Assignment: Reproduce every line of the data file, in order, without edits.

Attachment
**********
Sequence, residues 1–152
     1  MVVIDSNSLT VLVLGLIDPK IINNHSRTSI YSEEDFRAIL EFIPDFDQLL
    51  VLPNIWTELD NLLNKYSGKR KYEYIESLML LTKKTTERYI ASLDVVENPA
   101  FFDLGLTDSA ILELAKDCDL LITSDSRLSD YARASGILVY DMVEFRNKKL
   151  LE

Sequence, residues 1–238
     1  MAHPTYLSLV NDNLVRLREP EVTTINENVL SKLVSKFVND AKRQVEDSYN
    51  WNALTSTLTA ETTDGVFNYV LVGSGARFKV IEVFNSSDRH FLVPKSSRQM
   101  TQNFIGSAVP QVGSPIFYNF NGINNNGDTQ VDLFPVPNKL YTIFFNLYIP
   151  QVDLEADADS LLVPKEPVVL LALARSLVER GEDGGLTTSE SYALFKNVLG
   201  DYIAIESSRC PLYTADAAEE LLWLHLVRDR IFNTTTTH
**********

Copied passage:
Sequence, residues 1–152
     1  MVVIDSNSLT VLVLGLIDPK IINNHSRTSI YSEEDFRAIL EFIPDFDQLL
    51  VLPNIWTELD NLLNKYSGKR KYEYIESLML LTKKTTERYI ASLDVVENPA
   101  FFDLGLTDSA ILELAKDCDL LITSDSRLSD YARASGILVY DMVEFRNKKL
   151  LE

Sequence, residues 1–238
     1  MAHPTYLSLV NDNLVRLREP EVTTINENVL SKLVSKFVND AKRQVEDSYN
    51  WNALTSTLTA ETTDGVFNYV LVGSGARFKV IEVFNSSDRH FLVPKSSRQM
   101  TQNFIGSAVP QVGSPIFYNF NGINNNGDTQ VDLFPVPNKL YTIFFNLYIP
   151  QVDLEADADS LLVPKEPVVL LALARSLVER GEDGGLTTSE SYALFKNVLG
   201  DYIAIESSRC PLYTADAAEE LLWLHLVRDR IFNTTTTH